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Flying with Fido.

Traveling with your pet needn't be traumatic

AIR TRAVEL CAN BE STRESSFUL for pets, especially in spring and summer when cargo-hold temperatures can rise dramatically, making pets inside uncomfortable. If you're planning to send Fido flying during the coming months, here are some ways to help prepare him, and yourself, for the trip.


All big commercial jets have pressurized cargo holds, but they don't all have ventilation systems. Ask your airline what model of aircraft it plans to fly on your anticipated route, and whether it's equipped to take pets.

Plan ahead. Your pet should be at least 8 weeks old and fully weaned. All airlines require a recent health certificate (10 to 30 days before the trip, depending on the carrier) from a veterinarian. Certain animals just don't fly well; pug-nosed dogs, for example, may have trouble breathing.

To ship a pet as cargo, buy a kennel large enough to allow your pet to stand up, lie down, and turn freely. Buy the kennel in advance at an airline ticket counter, or buy it at a pet shop--but make sure the kennel is airline approved. Put your pet in the kennel several times over a period of weeks to get it used to the space; throw in a favorite toy. Be sure to have your address and the pet's name on its collar, and write them on the outside of the kennel.

Booking the flight. You need to reserve and confirm cargo space for a kennel well in advance. It's best to book direct, nonstop, and off-peak-hour flights, which are less likely to be delayed. Try timing the trip for periods when outside airport temperatures at both ends of your trip are above 40|degrees~ and below 80|degrees~. As a rule of thumb, morning flights are best.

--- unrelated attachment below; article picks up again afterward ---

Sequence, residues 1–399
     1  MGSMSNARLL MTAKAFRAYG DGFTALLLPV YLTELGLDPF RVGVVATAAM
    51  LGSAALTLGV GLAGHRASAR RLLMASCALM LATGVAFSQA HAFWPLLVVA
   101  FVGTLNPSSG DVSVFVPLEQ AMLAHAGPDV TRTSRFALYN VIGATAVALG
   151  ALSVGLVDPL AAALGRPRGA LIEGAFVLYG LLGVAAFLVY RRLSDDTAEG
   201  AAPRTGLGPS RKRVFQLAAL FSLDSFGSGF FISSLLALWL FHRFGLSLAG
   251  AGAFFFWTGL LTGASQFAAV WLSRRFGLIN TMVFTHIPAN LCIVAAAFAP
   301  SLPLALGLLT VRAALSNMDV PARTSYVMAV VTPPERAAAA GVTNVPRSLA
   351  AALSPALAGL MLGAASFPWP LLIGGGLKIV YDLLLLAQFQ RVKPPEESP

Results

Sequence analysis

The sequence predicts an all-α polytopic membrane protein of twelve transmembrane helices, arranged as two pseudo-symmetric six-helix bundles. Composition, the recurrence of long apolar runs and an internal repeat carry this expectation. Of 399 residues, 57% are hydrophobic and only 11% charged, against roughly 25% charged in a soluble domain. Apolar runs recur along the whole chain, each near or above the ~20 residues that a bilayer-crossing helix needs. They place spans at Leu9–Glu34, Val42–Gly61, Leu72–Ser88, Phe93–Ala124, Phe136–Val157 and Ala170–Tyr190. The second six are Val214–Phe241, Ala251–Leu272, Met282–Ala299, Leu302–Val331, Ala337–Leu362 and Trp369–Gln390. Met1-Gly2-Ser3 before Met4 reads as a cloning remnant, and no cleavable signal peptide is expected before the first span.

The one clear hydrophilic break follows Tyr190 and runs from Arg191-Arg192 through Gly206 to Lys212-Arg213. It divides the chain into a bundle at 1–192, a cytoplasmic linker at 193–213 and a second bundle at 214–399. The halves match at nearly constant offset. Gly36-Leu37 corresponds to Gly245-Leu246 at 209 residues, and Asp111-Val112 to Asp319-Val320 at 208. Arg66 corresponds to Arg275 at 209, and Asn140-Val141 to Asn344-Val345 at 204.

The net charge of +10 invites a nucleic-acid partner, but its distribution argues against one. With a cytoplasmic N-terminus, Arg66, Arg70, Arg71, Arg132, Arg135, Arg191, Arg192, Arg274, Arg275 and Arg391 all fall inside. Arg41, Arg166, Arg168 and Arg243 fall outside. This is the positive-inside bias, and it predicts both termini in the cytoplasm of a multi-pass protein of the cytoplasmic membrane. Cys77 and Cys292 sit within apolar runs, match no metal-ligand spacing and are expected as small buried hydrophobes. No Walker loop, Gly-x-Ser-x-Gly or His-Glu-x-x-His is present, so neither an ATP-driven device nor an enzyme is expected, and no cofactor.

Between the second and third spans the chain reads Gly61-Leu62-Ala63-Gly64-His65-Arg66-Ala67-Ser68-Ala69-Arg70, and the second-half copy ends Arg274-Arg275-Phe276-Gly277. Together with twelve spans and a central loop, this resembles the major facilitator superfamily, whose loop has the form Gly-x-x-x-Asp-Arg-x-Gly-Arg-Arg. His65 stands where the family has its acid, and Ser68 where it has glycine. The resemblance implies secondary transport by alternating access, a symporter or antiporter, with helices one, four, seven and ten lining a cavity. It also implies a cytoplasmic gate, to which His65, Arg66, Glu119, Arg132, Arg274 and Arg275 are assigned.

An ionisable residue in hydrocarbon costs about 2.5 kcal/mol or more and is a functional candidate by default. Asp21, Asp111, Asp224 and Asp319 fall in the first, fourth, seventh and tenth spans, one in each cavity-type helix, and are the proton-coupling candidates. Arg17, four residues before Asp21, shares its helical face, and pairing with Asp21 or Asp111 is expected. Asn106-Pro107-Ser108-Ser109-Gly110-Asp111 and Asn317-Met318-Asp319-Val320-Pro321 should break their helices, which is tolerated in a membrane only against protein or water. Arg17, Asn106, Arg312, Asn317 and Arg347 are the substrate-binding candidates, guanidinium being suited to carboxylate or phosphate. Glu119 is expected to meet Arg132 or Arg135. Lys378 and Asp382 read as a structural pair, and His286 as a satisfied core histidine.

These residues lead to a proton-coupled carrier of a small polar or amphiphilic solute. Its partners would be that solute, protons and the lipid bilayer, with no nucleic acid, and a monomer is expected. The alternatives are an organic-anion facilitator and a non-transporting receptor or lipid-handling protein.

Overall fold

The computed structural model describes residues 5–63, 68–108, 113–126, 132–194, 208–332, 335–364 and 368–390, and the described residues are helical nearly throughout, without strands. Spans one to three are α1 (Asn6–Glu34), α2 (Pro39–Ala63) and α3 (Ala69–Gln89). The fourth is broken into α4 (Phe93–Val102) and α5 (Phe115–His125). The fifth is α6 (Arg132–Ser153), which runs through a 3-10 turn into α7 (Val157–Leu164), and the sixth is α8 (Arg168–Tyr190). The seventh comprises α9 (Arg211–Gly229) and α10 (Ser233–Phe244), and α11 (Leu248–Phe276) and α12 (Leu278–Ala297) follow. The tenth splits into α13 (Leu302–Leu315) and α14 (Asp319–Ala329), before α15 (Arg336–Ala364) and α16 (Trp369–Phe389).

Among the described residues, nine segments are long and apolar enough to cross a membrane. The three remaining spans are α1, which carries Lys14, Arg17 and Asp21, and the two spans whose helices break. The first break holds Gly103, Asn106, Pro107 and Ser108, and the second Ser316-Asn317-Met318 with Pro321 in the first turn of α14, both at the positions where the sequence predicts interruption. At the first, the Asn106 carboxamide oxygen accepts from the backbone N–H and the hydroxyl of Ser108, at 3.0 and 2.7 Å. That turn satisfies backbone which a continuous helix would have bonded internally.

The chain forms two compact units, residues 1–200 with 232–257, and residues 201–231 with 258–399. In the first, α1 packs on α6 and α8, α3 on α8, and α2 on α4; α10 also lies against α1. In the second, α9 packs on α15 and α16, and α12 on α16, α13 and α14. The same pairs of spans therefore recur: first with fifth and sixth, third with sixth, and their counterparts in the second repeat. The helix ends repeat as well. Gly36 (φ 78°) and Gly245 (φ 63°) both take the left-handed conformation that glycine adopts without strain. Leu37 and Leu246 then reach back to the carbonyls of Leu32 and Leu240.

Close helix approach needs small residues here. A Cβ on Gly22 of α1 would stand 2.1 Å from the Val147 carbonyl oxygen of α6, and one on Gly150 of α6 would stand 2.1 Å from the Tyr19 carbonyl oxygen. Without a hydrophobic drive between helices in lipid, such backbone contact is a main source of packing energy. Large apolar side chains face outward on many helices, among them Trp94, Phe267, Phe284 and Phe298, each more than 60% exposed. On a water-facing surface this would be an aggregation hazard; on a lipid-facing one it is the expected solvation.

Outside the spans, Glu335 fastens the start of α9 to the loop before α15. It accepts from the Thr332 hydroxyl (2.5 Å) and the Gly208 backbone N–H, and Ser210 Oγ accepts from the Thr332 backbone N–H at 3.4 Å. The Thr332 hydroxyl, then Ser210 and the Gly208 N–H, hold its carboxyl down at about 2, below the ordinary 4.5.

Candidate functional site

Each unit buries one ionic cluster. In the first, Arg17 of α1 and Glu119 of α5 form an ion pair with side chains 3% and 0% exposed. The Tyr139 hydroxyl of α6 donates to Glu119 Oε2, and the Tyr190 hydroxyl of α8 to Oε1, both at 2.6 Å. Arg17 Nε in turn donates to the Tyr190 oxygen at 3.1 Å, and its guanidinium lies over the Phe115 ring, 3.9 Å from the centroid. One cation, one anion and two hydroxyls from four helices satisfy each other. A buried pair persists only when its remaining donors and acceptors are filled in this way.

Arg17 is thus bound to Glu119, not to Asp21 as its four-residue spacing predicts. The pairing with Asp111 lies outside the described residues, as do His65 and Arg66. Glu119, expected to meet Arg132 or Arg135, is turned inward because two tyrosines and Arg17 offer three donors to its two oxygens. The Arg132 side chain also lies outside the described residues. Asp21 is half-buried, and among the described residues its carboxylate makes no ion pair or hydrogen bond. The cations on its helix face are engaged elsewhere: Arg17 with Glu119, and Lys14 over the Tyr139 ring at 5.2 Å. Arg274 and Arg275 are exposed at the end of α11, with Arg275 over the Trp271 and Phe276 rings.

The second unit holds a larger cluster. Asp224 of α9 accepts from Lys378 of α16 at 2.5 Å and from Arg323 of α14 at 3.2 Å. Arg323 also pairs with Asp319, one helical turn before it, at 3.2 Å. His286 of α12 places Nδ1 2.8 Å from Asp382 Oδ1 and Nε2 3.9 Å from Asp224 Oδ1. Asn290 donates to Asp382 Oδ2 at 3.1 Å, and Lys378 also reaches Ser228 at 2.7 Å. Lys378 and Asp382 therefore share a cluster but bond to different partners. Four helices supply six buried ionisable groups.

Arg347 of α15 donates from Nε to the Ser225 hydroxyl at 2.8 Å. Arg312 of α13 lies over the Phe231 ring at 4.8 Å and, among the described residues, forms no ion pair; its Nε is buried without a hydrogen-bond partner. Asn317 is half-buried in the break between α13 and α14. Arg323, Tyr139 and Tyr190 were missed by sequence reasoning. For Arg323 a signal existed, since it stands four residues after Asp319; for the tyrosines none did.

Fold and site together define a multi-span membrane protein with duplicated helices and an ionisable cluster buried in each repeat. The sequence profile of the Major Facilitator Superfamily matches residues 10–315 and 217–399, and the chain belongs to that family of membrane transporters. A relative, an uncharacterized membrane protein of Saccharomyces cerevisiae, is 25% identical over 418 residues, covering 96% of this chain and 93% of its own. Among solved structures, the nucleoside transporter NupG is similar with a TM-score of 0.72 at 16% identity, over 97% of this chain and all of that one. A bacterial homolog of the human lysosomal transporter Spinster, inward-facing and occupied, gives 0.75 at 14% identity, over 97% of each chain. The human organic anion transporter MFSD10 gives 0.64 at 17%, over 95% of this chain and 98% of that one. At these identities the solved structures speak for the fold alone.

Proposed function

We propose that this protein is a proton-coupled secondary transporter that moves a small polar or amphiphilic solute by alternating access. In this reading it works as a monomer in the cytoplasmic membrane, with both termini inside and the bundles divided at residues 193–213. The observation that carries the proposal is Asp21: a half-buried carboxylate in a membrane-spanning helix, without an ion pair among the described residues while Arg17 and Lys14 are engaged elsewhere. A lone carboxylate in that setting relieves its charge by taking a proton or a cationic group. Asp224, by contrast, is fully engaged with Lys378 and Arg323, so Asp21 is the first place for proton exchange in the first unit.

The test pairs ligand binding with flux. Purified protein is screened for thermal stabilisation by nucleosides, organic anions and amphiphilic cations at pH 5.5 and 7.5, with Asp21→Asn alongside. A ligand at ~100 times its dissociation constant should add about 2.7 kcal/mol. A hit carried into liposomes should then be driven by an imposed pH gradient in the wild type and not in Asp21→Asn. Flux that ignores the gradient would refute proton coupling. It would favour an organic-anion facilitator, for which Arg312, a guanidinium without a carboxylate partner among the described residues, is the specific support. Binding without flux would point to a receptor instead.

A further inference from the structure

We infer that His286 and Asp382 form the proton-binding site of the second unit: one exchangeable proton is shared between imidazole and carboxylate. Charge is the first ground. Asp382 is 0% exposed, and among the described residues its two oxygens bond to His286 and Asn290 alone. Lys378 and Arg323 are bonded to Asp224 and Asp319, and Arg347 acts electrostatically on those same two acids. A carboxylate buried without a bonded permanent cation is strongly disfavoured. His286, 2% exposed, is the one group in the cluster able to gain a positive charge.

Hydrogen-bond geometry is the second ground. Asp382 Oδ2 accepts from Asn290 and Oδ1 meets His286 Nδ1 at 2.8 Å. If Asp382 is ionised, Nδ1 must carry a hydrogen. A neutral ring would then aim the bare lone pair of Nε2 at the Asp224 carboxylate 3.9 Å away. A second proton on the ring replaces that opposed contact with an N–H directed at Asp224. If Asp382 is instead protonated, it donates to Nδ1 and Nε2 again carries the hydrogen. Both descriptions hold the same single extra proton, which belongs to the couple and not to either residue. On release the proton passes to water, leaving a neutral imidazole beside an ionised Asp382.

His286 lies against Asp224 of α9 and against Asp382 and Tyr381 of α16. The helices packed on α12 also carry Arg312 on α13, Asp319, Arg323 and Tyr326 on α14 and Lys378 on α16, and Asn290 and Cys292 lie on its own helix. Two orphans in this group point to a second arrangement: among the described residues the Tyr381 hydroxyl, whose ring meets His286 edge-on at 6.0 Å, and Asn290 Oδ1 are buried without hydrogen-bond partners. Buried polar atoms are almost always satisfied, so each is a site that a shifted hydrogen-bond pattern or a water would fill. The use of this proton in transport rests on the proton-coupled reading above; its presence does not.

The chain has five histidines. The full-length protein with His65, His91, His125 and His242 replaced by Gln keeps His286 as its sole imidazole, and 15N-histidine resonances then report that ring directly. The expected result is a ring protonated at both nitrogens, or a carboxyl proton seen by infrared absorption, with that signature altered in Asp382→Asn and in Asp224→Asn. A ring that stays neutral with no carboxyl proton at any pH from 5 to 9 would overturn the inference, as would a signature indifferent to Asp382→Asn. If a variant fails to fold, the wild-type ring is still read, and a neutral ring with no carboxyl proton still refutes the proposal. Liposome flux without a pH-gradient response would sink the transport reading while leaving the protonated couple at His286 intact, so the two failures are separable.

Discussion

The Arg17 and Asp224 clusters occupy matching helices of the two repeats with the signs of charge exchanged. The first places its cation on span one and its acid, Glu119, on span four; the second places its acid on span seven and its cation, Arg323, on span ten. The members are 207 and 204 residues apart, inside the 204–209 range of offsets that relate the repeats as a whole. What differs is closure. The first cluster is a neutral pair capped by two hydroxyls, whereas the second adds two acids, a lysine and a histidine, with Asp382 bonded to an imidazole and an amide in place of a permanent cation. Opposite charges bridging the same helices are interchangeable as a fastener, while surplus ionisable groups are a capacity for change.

You can ship your pet as cargo (cost is based on weight or kennel size) or as excess baggage (the less expensive designation, but available only if you're traveling on the same flight). Some airlines allow a small kenneled pet to travel under your seat; call the airline for cost and details.

The trip. The U.S. Department of Agriculture requires that animals be given food and water within 4 hours of check-in, but don't feed your pet right before flying. For obvious reasons, you should line the bottom of the kennel with absorbent material. And since airlines are not required to feed or water pets, put in dishes of ice--your pet can lick it as it thaws.

Arrive at the airport 2 hours ahead of departure time. In general, pets are hand-carried to the cargo area and placed on the plane last. (Conversely, they are unloaded ahead of other cargo.) A free brochure provided by the USDA, Air Travel for Your Dog or Cat, advises against sedating your pet, since the effects of tranquilizers at high altitudes are unpredictable. Indeed, airline officials note a high correlation between pet air-travel deaths and sedation.

For your free brochure, write to the USDA Animal and Plant Health Inspection Service, Animal Care, Room 565, Federal Building, 6505 Belcrest Rd., Hyattsville, Md. 20782. For a detailed booklet, Traveling with Your Pet ($5), call the American Society for the Prevention of Cruelty to Animals at (212) 876-7700, ext. 4400.
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Title Annotation:traveling with a pet
Author:Finnegan, Lora J.
Date:Mar 1, 1993
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